Peterborough wins cash in effort to change status

August 6, 2004

East Anglia is waking up and shaking up its provision for local learners

Peterborough Regional College has taken the first step towards achieving university status by securing funding to expand its higher education courses.

The East of England Development Agency has pledged £2.3 million towards the "embryonic university", which would see a new building constructed on or next to the college's campus. It is expected to be ready for the 2007-08 academic year and will accommodate a further 2,000 students.

Alison Davies, senior director of higher education, said the college had been working with Anglia Polytechnic University on a bid for funding from the Higher Education Funding Council for England. The council had provided £150,000 for preliminary work, which she said signalled that the application was likely to be approved when it was submitted later this year.

The Learning and Skills Council said it would also contribute funds. Total funding for the project is expected to reach about £10 million.

Don Lawson, Peterborough's principal, said the college had for some time offered a number of degree courses to complement its further education portfolio.

It is the only institution offering higher education in the rapidly growing city of 157,000 people since Loughborough University withdrew from Peterborough 18 months ago after five years, during which time only about 100 students had been recruited.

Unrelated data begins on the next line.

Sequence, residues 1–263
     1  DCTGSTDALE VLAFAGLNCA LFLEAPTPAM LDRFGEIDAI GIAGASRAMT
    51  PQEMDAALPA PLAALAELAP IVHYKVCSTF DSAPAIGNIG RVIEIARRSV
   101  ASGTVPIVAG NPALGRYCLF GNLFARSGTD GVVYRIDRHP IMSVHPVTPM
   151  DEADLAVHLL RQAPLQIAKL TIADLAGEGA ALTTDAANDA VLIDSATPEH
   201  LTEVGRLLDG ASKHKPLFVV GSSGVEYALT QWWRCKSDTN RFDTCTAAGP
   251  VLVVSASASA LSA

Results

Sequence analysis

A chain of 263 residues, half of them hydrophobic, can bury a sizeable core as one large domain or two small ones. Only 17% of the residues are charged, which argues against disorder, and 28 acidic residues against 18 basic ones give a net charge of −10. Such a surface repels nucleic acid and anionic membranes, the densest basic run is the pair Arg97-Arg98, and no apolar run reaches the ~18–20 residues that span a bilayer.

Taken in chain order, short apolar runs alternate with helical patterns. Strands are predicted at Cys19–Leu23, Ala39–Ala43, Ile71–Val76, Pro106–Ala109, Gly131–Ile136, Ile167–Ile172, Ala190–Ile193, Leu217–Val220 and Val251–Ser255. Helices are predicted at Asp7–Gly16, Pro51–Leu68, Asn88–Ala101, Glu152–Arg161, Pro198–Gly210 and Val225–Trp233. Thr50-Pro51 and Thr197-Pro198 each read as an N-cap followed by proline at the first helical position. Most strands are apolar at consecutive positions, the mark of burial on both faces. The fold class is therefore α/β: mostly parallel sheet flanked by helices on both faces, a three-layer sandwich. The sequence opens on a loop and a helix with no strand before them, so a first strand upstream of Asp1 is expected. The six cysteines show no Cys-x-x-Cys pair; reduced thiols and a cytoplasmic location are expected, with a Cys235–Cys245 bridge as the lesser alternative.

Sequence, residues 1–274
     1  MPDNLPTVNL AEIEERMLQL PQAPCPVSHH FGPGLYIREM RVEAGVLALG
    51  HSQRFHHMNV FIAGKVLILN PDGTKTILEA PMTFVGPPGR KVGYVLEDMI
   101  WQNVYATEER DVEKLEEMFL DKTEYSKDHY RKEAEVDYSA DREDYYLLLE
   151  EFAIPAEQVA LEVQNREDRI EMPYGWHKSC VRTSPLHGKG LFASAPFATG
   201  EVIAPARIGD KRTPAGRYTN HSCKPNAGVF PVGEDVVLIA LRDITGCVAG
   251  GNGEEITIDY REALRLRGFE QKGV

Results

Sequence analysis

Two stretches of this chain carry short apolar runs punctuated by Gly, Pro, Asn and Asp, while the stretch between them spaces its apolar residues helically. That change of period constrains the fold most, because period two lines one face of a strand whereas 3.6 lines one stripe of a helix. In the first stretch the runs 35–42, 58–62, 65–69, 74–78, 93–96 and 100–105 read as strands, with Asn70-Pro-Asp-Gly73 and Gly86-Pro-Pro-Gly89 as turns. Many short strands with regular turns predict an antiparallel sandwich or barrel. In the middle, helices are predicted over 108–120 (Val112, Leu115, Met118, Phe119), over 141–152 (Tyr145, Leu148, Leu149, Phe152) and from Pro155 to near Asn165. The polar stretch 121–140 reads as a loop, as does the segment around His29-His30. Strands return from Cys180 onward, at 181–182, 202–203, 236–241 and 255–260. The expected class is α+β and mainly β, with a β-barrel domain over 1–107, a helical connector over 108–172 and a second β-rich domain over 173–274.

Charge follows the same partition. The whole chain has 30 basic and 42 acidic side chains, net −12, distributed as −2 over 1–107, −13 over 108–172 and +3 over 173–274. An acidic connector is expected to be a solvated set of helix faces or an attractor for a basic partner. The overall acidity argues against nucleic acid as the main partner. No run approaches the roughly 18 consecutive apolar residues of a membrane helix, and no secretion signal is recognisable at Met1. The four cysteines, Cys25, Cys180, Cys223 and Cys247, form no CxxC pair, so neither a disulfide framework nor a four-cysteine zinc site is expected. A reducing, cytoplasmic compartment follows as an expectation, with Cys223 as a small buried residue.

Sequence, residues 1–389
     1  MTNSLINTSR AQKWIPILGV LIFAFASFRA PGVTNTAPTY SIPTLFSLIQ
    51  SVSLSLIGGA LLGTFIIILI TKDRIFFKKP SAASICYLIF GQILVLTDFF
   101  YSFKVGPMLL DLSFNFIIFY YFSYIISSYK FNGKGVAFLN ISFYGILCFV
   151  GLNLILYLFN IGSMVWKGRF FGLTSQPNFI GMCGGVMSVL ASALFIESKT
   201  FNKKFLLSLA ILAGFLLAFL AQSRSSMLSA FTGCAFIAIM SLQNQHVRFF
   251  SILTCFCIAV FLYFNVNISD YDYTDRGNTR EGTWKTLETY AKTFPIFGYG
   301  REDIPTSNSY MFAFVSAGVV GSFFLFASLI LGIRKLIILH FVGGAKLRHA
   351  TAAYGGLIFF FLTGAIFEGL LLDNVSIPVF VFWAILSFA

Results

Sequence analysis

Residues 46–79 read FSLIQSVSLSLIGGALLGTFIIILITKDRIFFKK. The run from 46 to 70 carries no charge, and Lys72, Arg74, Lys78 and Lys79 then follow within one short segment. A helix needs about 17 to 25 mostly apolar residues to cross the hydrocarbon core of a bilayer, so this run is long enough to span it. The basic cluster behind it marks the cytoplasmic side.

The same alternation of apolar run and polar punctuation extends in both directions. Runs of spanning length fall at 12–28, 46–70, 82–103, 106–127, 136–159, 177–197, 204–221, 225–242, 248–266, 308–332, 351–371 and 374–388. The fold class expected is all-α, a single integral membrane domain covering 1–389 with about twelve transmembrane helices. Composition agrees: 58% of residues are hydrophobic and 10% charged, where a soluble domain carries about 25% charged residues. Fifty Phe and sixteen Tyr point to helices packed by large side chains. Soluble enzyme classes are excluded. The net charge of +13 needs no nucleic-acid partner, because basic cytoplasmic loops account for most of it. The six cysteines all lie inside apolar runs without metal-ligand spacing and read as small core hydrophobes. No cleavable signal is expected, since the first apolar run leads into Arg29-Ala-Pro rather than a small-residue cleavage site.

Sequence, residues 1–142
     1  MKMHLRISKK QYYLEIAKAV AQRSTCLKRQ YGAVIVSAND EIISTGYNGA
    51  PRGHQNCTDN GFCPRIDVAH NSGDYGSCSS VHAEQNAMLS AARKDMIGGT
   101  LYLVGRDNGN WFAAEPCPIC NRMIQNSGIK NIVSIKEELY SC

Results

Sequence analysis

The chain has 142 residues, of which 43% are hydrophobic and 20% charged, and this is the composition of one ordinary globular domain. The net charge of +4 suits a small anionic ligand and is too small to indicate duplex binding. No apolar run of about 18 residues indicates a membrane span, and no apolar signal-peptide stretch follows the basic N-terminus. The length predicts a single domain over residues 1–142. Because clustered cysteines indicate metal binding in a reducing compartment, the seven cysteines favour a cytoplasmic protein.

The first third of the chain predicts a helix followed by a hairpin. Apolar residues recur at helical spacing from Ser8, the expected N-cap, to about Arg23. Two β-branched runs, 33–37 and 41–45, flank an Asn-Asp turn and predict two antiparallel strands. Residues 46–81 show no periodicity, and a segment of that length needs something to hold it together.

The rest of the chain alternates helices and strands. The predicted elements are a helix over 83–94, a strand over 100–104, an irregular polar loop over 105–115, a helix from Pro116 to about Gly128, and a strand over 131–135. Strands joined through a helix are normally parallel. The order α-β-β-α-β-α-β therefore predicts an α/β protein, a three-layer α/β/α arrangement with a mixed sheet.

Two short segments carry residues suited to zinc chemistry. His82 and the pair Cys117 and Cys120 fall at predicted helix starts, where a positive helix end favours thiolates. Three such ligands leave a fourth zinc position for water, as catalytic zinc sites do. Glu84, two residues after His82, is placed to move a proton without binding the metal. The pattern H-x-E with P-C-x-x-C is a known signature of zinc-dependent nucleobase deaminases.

The university pulled out after its senate decided to concentrate on developing a site next to its main campus rather than continue with satellite operations. "It became clear last year that any significant investment would be at Loughborough University itself," said a spokesman at the time.

Students who started courses in September last year will have their degrees accredited by APU rather than Loughborough.

Mr Lawson said it was a matter of some concern locally that Peterborough lacked a university. The new building would be the first step towards achieving university status, which he expected would take about ten years.

"We are committed as a college to working with our partners on a new higher education centre and are quite sure it will improve access to higher education for people from all denominations in a way that they have not had before," he said, referring to Peterborough's large Pakistani population.

Thirty-five of Peterborough's staff are dedicated to higher education provision and some 1,000 students will be enrolled on 12 degree courses, including business administration, law and archaeology in September. Halls of residence may also be built in the future, although Mr Lawson said they were not a priority.

Under rules to be introduced in September, to achieve university status the college must have 3,000 students studying two-year foundation degrees.

A positive Ofsted report on the college, due to be published this month, is expected to boost its chances of winning Hefce funding.

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